A record number of wildfires are burning across the Amazon rainforest, raising alarm bells from conservation groups and sparking deeper fears about the future of our planet.

But amid the crisis lies misinformation. A photo of smoke billowing from the rainforest has been widely shared online after a tweet from French President Emmanuel Macron, an Instagram post from actor Leonardo DiCaprio and a retweet from Prime Minister Justin Trudeau.


The problem: the image is outdated. A simple reverse-image search shows that the photo was taken by Loren McIntyre, who died in 2003, and appeared in news articles and stock image websites dating back years.

While the image is outdated, the ongoing fires are real. But some groups online are trying to use the image as evidence that the problem is being over exaggerated, as Brazil’s President Jair Bolsonaro has suggested.

Wildfires in the Amazon rainforest are rare because of the wet weather, but activity begins in July and August due to the arrival of dry season, which lasts until November. These fires can occur naturally, but humans also illegally set the forest ablaze to make room for farmland.

Even so, this year’s fires are worse. A staggering 74,155 fires have been recorded in Brazil, according to Brazil's National Institute for Space Research (INPE). That’s an 84-per-cent spike from last year’s fires.

Germany and Norway decided to withhold more than $60 million for sustainability projects in Brazilian forests, citing Brazil’s lack of commitment to tackle deforestation.

Bolsonaro has accused conservationists – without providing proof -- of setting the wildfires themselves in a bid to undermine his leadership. Bolsonaro’s chief of staff, Onyx Lorenzoni, said European countries are exaggerating the crisis for economic purposes.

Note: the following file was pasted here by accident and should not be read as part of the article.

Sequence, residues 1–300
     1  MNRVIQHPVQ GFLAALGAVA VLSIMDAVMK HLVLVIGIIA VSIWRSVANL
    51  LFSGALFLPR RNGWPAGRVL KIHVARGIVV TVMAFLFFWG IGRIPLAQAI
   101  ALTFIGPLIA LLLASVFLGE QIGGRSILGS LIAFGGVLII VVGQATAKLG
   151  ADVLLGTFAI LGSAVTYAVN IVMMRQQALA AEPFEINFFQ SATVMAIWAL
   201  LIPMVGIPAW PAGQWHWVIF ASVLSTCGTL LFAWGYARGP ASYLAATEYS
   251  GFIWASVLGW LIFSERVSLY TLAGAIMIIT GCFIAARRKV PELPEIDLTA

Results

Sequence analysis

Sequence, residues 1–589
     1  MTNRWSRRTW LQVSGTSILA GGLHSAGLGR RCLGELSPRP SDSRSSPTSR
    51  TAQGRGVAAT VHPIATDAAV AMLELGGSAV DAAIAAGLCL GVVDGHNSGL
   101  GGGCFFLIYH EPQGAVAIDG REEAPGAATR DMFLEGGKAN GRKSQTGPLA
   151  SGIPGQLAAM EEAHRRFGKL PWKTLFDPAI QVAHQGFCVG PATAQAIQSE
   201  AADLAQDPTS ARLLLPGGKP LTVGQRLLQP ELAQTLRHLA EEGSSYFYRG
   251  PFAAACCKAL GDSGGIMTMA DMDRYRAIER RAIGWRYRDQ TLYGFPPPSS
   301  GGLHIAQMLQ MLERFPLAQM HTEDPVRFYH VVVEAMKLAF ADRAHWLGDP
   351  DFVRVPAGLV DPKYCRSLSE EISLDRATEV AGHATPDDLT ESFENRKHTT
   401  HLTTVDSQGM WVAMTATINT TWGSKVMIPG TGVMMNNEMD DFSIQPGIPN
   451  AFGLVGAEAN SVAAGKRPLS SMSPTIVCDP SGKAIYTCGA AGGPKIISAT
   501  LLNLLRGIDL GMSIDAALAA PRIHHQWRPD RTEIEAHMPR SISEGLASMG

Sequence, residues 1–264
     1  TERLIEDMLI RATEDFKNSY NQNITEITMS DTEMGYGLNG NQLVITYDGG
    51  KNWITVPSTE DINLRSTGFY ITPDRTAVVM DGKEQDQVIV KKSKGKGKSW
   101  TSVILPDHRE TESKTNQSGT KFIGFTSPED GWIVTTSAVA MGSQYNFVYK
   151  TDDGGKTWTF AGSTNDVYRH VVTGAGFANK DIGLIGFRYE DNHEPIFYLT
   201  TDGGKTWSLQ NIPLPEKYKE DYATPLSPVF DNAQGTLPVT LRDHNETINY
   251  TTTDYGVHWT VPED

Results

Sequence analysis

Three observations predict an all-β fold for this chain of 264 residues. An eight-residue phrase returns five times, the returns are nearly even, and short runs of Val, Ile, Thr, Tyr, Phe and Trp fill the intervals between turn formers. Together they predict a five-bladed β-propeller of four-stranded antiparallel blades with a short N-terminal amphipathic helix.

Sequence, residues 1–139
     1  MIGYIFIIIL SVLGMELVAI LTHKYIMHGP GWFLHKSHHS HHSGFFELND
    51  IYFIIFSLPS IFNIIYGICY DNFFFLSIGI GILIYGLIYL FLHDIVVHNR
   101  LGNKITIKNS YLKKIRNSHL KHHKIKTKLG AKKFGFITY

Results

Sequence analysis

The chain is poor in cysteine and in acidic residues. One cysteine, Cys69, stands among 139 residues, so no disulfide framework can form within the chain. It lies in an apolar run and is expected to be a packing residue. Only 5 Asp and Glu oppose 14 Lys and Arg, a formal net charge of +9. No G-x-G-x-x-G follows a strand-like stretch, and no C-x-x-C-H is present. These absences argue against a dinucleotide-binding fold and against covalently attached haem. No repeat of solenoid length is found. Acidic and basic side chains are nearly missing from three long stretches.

"There is deforestation in Brazil, yes, but not at the rate and level that they say," Lorenzoni told the Brazilian news website globo.com.

The outdated photo is now being shared by some users – many of whom appear to support Bolsonaro – to back up the claim that the forest fires are being blown out of proportion. Some Twitter users have labelled the event “fake news.”

Images from NASA show the blaze visible from outer space. The INPE, which tracks the rainforest’s size, found that more than 1,500 square kilometres of rainforest has been destroyed over the past year.

The Amazon rainforest is the world’s biggest tropical rainforest, covering over 5.5 million square kilometres. Hundreds of Indigenous tribes live in the forest, which supplies more than 20 per cent of the world’s oxygen.

With files from CTV’s Ben Cousins and The Associated Press